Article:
Saturday, January 30, 2010

Now We're Cookin'

As many of you know, I have spent the past few months searching for a barefoot trimmer that is located anywhere in Southeast Florida. At times, my quest was discouraging and seemed all but impossible -- I exhausted every available information source and was still coming up empty-handed. It was like the quest for the Holy Grail; but, luckily, I am apparently wise and deserving, because I finally found a qualified barefoot trimmer! And, no, it wasn't the one that I wrote about a few weeks ago -- that lady took my name and number and gave it to a trimmer friend of hers. Luckily, this lady graduated from the Oregon School of Natural Hoof Care and also studied the works of Jaime Jackson and Pete Ramey. Score!

Candy came out on Monday to trim Salem's hooves. When she first saw him, she was surprised and impressed at how good his feet looked. As I had told her that he hadn't had all four hooves trimmed since October, she had been expecting them to be a complete mess. Yes, the toes were a bit long and the bars were overgrown, but overall they weren't too bad. I have been very faithfully rasping his hooves every week and Candy said that I have been doing an excellent job. Yay, me! :-)

So, the good news is that he has awesome feet and it will only take another trim or two to get his "ideal hoof." He still has a bit of flare (even after the trim), but it should be gone after the next trim. Obviously, you can't fix everything at once! But, Candy said that Salem has very strong hoof walls, well-developed digital cushions and lateral cartilages, great frogs, an excellent amount of sole, and mostly very tight white line.

The bad news is that he has a teeny-tiny little bit of White Line Disease on both left hooves. :-O When I first heard that, I was shocked -- how could that happen under my care?! I take such good care of him. But, the more I thought about it, the more I realized that it was inevitable. He had so much flaring when he first got here, so it's actually not surprising at all. Oh, well, nothing a bit of White Lightning (Gas Chamber Hoof, as I call it) can't cure!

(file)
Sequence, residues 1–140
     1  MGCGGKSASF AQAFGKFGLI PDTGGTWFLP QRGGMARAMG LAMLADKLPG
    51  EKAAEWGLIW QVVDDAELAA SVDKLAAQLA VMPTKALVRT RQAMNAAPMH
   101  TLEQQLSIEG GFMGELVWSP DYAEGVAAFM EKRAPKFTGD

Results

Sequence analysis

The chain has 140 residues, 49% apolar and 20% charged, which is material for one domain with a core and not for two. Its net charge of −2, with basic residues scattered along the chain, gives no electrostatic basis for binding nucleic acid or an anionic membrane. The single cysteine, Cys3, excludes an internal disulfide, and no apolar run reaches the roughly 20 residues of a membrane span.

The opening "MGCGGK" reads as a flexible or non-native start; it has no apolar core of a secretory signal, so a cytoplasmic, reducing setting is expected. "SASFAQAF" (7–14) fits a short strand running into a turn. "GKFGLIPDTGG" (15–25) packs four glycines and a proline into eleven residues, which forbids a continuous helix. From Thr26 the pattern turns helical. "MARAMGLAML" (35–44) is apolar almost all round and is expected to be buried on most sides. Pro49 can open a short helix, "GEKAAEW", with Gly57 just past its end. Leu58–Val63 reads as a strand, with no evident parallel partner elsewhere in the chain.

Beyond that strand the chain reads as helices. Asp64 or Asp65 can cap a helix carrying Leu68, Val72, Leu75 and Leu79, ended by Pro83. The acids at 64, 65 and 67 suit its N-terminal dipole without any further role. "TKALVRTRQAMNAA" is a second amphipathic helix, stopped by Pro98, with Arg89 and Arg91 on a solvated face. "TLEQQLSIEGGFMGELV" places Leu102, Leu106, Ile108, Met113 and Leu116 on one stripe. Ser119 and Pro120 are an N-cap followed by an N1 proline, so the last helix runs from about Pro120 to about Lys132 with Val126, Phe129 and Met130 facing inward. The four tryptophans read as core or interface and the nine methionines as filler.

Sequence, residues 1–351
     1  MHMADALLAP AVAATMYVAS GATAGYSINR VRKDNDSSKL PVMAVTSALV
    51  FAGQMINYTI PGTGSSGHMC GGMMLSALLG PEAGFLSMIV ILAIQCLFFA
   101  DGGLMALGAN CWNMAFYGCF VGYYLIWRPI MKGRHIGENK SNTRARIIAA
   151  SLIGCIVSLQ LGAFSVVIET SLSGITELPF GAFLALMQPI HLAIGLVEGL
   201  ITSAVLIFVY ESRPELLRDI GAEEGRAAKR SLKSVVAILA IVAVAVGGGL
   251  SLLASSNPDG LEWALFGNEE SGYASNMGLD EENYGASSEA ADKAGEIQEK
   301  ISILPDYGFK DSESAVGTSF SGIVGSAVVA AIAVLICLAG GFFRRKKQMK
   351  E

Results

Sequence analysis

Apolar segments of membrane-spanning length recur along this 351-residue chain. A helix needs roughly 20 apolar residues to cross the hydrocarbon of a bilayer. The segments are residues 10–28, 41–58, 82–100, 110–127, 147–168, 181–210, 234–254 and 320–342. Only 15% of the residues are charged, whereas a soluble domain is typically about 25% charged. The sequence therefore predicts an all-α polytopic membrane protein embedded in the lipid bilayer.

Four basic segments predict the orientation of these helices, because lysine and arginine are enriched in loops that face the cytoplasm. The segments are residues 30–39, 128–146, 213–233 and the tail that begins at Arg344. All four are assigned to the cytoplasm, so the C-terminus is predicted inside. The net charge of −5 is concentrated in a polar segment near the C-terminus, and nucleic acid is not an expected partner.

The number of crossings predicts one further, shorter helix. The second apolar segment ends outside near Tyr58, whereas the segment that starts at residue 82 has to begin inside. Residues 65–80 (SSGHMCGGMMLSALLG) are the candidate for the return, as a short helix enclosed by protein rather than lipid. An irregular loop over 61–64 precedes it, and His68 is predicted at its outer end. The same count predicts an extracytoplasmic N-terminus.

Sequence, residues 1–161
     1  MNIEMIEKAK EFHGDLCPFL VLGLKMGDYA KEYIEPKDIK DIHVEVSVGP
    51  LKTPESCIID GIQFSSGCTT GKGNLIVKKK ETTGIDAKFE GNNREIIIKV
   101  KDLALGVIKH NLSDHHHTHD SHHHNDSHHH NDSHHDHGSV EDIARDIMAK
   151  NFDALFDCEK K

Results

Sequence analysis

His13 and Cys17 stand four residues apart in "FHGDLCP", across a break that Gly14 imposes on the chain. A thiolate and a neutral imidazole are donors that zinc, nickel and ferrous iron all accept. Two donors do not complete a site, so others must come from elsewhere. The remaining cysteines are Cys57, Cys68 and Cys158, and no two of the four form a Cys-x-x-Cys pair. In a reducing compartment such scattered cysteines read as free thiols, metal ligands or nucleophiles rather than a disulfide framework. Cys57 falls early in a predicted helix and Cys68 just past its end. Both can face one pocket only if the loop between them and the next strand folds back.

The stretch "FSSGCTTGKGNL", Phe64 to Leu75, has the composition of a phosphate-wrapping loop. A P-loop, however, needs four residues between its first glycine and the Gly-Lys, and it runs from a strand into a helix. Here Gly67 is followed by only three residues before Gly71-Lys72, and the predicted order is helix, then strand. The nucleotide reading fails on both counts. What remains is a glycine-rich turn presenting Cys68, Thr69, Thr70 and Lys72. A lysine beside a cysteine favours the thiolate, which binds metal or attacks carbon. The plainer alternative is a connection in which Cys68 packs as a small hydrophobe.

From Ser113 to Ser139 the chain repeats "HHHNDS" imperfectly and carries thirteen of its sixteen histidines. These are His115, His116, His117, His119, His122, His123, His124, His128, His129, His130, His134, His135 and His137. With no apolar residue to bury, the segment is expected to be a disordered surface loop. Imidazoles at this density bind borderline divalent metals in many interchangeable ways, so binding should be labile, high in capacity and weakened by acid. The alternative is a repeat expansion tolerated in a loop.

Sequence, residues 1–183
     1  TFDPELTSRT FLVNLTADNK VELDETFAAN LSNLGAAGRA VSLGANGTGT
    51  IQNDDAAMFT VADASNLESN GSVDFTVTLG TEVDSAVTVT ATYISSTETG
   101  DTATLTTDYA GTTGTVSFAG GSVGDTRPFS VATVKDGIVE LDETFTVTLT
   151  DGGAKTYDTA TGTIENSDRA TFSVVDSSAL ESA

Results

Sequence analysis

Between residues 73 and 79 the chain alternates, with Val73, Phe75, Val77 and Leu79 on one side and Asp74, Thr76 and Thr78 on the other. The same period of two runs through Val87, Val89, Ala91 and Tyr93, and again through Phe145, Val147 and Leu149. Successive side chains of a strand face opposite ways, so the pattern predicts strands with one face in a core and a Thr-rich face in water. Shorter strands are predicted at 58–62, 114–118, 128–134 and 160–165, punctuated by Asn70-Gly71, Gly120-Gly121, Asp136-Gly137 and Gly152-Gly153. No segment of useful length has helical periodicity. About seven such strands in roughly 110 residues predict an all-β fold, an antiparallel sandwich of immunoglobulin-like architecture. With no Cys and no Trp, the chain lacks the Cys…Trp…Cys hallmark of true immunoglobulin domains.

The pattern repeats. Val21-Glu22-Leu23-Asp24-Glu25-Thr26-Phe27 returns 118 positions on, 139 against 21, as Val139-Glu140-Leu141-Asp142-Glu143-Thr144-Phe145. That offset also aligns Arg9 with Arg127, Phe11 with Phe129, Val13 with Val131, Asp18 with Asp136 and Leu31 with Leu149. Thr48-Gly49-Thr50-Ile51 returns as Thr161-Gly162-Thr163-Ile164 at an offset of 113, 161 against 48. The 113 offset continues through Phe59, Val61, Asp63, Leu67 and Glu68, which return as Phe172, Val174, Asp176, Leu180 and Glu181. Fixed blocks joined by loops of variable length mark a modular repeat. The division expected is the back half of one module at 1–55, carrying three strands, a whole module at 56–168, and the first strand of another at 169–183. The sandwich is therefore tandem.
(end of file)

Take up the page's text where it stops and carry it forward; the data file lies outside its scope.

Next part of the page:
Candy also suggested that I make a mixture of one third Lysol 4-in-1 Cleanser and two thirds water and spray it on his feet every day to keep them fungus/bacteria/icky-stuff-free. At first, I was a bit skeptical; I do not want to put anything on his hooves that damages hoof tissue! But, I did some thorough research and it turns out that the Lysol will not do any harm, so Lysol it is!

Here are the excellent results of the trim:

See that little bit of flare on his left front? That's one of the areas that has White Line Disease

The day after he was trimmed, I got on Salem and he felt weird. It confirmed what I had seen the night before on the longe -- he was floaty and extended in front but short/choppy behind. It was like riding two different horses at the same time! He didn't feel sore, but I took it easy with him and put a call in to Candy. She wasn't at all surprised, and said that he was just getting used to having a shorter toe in back. His breakover had been pulled way back and he needed to figure out how to use his new feet. She said the more he moved, the faster he would work out of it. Sure enough, I hopped on him on Wednesday and he felt better than ever.

Of course, I have started with the Gas Chamber Hoof treatments in order to kill that WLD. I have finally perfected my GCH method and gotten it down to a science. I use a gallon-sized Ziploc bag and duct tape, and then cover it with Vetrap, like so:

Die, you nasty White Line Disease!